Impact of maternal HIV-1 viremia on lymphocyte subsets among HIV-exposed uninfected infants: protective mechanism or immunodeficiency
1 Division of Infectious Diseases, CHU Sainte-Justine, 3175 Côte Sainte-Catherine, Montreal, Quebec H3T 1C5, Canada
2 Department of Pediatrics, Faculty of Medicine, Université de Montréal, Montreal, Canada
3 Centre maternel et infantile sur le SIDA, CHU Sainte-Justine, Montreal, Canada
4 Unité de recherche clinique appliquée, CHU Sainte-Justine, Montreal, Canada
5 Division of Obstetrics and Gynecology, CHU Sainte-Justine, Montreal, Canada
6 Unité d’immunopathologie virale, Centre de recherche du CHU Sainte-Justine, Montreal, Canada
7 Department of Microbiology, Infectious Diseases and Immunology, Faculty of Medicine, Université de Montréal, Montreal, Canada
BMC Infectious Diseases 2014, 14:236 doi:10.1186/1471-2334-14-236Published: 5 May 2014
Reports of increased morbidity and mortality from infectious diseases among HIV Exposed Uninfected (HEU) infants have raised concern about a possible underlying immunodeficiency among them. The objective of this study was to assess the immunological profile of HEU infants born to mothers exhibiting different levels of HIV-1 viremia at the time of delivery.
Study subjects were enrolled in the Centre maternel et infantile sur le SIDA (CMIS) mother-child cohort between 1997 and 2010 (n =585). Infant CD4+ T cell, CD8+ T cell and CD19+ B cell counts were assessed at 2 and 6 months of age, and compared among HEU infants in groups defined by maternal viral load (VL) at the time of delivery (VL < 50 copies/ml, VL 50–1000 copies/ml, and VL > 1000 copies/ml) in a multivariable analysis.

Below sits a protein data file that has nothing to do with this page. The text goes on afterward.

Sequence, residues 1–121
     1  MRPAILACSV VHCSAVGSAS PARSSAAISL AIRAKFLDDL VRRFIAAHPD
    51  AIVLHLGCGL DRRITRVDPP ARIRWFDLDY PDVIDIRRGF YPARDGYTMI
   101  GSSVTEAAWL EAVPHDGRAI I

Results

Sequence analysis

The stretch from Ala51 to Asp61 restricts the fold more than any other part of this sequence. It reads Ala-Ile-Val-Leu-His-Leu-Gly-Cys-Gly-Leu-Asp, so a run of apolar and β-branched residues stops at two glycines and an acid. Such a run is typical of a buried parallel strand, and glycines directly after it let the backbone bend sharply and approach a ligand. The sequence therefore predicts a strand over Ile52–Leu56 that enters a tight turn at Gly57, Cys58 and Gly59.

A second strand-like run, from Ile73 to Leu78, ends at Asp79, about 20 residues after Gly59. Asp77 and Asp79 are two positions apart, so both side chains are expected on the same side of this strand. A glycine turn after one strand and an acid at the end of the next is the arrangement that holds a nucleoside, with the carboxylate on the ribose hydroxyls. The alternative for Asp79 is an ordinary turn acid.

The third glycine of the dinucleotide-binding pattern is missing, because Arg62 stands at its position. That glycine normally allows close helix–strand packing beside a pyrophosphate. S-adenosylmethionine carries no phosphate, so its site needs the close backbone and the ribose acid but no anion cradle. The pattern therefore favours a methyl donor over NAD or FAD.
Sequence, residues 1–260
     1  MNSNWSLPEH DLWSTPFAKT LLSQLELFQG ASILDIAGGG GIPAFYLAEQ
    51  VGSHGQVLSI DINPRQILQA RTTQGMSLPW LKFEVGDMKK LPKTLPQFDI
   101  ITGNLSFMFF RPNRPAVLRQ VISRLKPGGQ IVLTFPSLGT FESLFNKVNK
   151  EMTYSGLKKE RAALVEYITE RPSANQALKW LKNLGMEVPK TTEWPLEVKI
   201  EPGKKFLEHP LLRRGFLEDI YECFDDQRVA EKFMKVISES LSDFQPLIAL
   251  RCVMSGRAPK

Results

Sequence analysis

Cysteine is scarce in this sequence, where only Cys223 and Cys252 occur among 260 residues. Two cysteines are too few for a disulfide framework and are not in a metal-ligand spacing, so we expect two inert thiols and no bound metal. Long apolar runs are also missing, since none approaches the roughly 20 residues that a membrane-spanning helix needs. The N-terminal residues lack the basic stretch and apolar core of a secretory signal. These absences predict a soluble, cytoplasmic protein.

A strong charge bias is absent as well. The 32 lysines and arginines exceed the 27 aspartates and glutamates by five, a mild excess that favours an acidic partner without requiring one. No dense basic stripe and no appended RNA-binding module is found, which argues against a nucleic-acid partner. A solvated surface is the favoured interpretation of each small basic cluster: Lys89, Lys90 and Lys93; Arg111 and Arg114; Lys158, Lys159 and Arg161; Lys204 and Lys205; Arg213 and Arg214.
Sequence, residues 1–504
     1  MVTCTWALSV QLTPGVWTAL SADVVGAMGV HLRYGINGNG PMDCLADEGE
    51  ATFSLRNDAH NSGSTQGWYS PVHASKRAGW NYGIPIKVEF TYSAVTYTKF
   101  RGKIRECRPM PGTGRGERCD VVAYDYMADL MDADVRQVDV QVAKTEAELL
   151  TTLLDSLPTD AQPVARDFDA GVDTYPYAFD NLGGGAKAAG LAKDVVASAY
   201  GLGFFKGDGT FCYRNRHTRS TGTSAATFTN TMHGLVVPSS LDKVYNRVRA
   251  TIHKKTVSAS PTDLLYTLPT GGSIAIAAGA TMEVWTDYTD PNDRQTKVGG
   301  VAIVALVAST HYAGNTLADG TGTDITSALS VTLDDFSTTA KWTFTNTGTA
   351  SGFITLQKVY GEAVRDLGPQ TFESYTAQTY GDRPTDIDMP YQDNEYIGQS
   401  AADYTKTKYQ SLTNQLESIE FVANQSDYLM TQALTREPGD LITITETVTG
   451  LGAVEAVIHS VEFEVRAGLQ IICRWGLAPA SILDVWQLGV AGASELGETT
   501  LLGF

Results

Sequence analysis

At 2 months of age, infants born to mothers with VL > 1000 copies/ml had lower CD4+ T cell counts compared to those born to mothers with VL < 50 copies/ml at the time of delivery (44.3% versus 48.3%, p = 0.007, and 2884 vs. 2432 cells/mm3, p = 0.02). These differences remained significant after adjusting for maternal and infant antiretroviral drug use, gender, race and gestational age, and persisted at 6 months of age. There were no differences in CD8+ T cell count or absolute CD19+ B cell count between groups, though higher CD19+ B cell percentage was seen among infants born to mothers with VL > 1000 copies/ml.
These results suggest that exposure to high levels of HIV-1 viremia in utero, even in the absence of perinatal transmission, may affect the infant’s developing immune system. While further work needs to be done to confirm these findings, they reinforce the need for optimal treatment of HIV infected pregnant women, and careful follow-up of HEU infants.